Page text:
A grand tour on Cascade Lakes highway
Zach Urness/Daily Courier

Sparks Lake.

The Cascade Lakes National Scenic Byway near Bend is a great place to tour Central Oregon’s mighty volcanoes.

By Zach Urness of the Daily Courier

A person could spend a lifetime exploring the wild places of Southwest Oregon and Northern California and never get bored.

Between the mountains, rivers and Pacific Coast, there’s no shortage of places to discover.

But even the most enthusiastic about our area need a break now and again. And Oregon is, of course, a very large place.

One excellent option for those seeking to travel outside the area is the Cascade Lakes National Scenic Byway in the central part of the state.

Located just outside Bend, this 66-mile loop through towering volcanoes is one of the state’s most famous roadways.

The drive from Grants Pass requires almost four hours — a hefty price to pay in terms of gas money — but there are few places that combine the aesthetic views and opportunities for recreation as this paved paradise.

There’s access to the stunning Three Sisters Wilderness and the Deschutes River, Mount Bachelor Ski Resort and 12 different lakes.

Everyone from youthful mountaineers to those traveling with a trailer can enjoy this highway. The key is to hit the road and figure out what works.

Plenty of resources can help you plan a trip. There are national forest offices in Bend (541-383-5300), Prineville (541-416-6500) and Madras (541-475-9272). A use fee is required at most trailheads and parking lots, so be prepared and consider buying a Northwest Forest Pass.

Below, I’ve included three ideas that range from easy to moderate to difficult.


The best views directly off the highway can be found from this volcanic lake sitting in the shadow of South Sister (10,358 feet) and Broken Top (9,175). A short trail of about three miles, with a number of different options, surrounds the lake and makes a perfect day-hike for the kids. The first mile is paved and wheelchair accessible.

The trail is named for Ray Atkeson, the famed black-and-white photographer who captured images of Oregon’s landscapes in the 1930s and 40s.

Atkeson recognized Sparks Lake as a photographer’s paradise, and in walking around the lake, looking out at the tiny islands and the majestic sweep of the two giants looming above, it’s not hard to see why.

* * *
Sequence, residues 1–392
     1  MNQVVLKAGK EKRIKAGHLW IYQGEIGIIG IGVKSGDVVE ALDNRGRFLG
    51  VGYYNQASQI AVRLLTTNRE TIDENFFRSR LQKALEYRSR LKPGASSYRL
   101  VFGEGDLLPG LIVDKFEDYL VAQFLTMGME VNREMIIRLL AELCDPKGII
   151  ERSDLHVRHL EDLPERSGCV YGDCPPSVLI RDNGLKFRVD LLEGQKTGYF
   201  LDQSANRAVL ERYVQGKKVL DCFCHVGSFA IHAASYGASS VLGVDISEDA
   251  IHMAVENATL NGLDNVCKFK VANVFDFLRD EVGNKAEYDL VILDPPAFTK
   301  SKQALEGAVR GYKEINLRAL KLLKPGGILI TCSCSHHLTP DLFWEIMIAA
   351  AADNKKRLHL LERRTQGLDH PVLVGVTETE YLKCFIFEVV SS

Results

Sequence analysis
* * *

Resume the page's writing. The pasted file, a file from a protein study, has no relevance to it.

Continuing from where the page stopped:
Another good option is to place a kayak or canoe onto the lake and explore the glassy surface up close. There’s an island that makes a fun spot and other nooks and crannies best explored from the surface of the lake.

There’s a campsite at Sparks Lake, but it’s a little close to the highway for my taste. A trip to this volcanic lake is best viewed as an excellent day trip.


Among the most popular wilderness trails in the entire state, the Fall Creek to Green Lakes Basin trail runs past idyllic waterfalls and into alpine lakes surrounded by South Sister, Broken Top and Mount Bachelor.

The walk begins at the Fall Creek Trailhead and runs gradually uphill on a wide path usually populated by a fair amount of other people.

After passing a walled volcanic canyon and several large waterfalls, the trail swings uphill into the Green Lakes Basin, a stunning area of wildflower meadows and gigantic springs directly between Broken Top and South Sister.

Tents are allowed in 28 posted, designated sites, which are often full on weekends. The hike is 8.4 miles round- trip and gains 1,100 feet of elevation.

SOUTH SISTER (difficult)

Unbelievably gorgeous views highlight a trip up the third-highest mountain in the state.

The best part about South Sister is twofold. First, a trail goes all the way to the top, which is rare for a mountain of such height. Second, you don’t have to climb all the way to the summit to enjoy this hike — there’s a wonderful mountain lake that makes a more modest goal.

The route begins at Devil’s Lake Trailhead, crosses over the highway and begins climbing up the mountain.

The first highlight comes at the 1.5 mile mark, where the trail splits and to the right at heads to the beautiful Moraine Lake, which looks up toward the mountain’s summit. There’s a loop to the Moraine Lake loop that’s 6.5 miles round-trip and gains 2,000 feet — difficult, but not a death march.

The trip to the summit is much tougher, obviously, and gains almost 5,000 feet over 5.5 miles.

So, a person could spent a lifetime exploring Southwest Oregon and Northern California and never get bored. But for a change of pace, it’s tough to go wrong with the Cascade Lakes National Scenic Byway.

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